Arising & Passing Away
October 07, 2009

There are two qualities you want to bring to meditation. One is tranquility; the other is clear seeing. The Pali terms are samatha and vipassana. Over the centuries, these two have been separated into separate techniques, two different ways of meditating. But in the Buddha’s teachings, they’re put together. They’re qualities of mind that bring you to right concentration, through right concentration they bring you to right view, and through right view they can bring you to release. So you want to work on both of them.

The questions you’re supposed to ask of someone who’s good at tranquility, if you find that you’re not so good at it, are: “How do you get the mind to settle down? How do you get it to settle in so that it becomes one with its object?” There are lots of ways of doing this. The most standard one is to focus on the breath, to watch the breath to gain a sense of when it’s long, when it’s short, and how it feels when it’s long, when it’s short so that you can adjust it to be comfortable. From there you can go to deep or shallow, heavy or light. There are lots of ways of analyzing the breath and being sensitive to the way it affects the body, all the way to the question of: Where you feel the breathing? Where does it feel like the energy is coming into the body? Where does it feel like it’s going out? Do you squeeze it out too much when you breathe out? Do you make it too tight when you breathe in? Try to get as sensitive as possible to how this feels. The more sensitive you are, the easier it is to settle down.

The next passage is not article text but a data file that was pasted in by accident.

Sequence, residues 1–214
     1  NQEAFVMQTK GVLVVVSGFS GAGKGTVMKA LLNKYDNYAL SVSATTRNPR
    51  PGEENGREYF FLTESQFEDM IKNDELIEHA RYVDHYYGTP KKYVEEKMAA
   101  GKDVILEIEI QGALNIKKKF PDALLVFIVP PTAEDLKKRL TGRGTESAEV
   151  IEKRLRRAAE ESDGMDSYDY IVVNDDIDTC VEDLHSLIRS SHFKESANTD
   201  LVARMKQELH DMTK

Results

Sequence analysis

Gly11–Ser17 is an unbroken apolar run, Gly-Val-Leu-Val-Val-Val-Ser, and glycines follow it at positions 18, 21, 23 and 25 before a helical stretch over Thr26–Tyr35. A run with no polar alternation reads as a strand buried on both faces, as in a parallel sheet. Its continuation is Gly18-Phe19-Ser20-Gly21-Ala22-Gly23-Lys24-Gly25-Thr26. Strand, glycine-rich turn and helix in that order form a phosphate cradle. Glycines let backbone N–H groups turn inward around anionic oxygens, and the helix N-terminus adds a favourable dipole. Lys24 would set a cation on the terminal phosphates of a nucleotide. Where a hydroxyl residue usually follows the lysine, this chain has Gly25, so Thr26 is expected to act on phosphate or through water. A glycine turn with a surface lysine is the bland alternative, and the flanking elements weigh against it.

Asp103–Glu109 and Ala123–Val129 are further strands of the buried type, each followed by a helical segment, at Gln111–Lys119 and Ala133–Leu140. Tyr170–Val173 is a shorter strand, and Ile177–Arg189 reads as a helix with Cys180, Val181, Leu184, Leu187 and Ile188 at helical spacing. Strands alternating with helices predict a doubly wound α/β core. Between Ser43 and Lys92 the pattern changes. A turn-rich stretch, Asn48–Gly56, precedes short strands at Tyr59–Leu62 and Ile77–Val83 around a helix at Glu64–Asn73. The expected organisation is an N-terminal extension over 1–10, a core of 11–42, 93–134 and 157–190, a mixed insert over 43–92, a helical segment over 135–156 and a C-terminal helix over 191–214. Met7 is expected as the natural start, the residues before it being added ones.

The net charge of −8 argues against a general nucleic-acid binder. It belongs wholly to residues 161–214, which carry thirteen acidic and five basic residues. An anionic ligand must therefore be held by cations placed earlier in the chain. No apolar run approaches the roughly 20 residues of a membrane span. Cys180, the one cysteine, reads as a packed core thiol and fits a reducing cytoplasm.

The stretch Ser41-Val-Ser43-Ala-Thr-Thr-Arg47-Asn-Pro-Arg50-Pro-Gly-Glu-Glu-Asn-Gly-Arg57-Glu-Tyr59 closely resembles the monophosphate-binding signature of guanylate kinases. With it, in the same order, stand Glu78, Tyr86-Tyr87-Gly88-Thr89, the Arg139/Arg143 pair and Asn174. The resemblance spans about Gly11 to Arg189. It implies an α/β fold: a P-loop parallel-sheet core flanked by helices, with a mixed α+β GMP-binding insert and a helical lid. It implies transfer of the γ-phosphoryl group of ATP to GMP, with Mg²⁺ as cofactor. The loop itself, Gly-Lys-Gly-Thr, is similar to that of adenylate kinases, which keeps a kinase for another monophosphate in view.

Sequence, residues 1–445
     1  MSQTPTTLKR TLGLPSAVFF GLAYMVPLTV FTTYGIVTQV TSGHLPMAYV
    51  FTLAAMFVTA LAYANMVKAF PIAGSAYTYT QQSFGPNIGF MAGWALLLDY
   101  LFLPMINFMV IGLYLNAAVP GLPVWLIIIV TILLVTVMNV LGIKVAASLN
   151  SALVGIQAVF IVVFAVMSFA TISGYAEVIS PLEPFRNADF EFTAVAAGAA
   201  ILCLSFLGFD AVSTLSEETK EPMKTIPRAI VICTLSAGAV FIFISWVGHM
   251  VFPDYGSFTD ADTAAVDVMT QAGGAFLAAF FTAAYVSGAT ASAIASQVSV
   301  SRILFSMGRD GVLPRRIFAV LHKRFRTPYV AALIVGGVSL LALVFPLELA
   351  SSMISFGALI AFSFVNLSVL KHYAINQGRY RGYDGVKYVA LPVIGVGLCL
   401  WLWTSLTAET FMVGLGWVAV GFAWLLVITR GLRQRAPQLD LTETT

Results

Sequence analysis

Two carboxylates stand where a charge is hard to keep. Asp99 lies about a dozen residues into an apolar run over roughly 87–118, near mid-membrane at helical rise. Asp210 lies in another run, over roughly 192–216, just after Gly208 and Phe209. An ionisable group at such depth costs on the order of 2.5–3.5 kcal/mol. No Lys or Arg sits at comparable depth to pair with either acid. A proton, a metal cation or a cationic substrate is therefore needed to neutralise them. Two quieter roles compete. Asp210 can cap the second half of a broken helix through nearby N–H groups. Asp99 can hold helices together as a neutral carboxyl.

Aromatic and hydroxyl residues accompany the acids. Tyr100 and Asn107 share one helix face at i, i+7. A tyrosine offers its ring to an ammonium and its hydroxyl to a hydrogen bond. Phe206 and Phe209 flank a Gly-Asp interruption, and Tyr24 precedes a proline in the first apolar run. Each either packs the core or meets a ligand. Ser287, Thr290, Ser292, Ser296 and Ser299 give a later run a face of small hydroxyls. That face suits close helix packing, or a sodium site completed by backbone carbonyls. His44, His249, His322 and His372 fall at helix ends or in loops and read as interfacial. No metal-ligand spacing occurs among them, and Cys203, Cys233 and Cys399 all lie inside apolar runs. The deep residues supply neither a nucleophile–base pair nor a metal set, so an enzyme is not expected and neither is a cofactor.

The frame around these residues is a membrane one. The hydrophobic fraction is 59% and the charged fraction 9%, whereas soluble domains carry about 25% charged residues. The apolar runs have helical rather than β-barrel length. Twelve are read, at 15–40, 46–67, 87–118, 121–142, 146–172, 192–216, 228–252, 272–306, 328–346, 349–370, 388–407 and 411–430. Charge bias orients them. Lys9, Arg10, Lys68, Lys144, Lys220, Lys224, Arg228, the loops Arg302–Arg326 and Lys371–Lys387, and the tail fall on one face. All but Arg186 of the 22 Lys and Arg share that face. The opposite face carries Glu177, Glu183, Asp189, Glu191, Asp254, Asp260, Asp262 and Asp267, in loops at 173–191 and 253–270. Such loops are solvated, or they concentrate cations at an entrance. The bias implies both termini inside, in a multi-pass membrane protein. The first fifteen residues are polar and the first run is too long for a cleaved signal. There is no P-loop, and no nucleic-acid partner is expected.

Then you learn how to watch over it so that, as it settles in, you don’t get so excited that you tip it over. You look after it, tend to it, so that it feels comfortable, feels at home. In fact, that’s one of the Pali terms for your meditation theme: viharadhamma, a home for the mind. It feels right to be here. Let your awareness fill the body so that your home here has a good solid foundation. Try to be aware of the breath as it fills the body. You can adjust it here and adjust it there so that the breathing process feels good all the way through the in-breath, all the way through the out-, and from in and out to in and out to in and out. Just keep on going. That’s how you get the mind to settle down.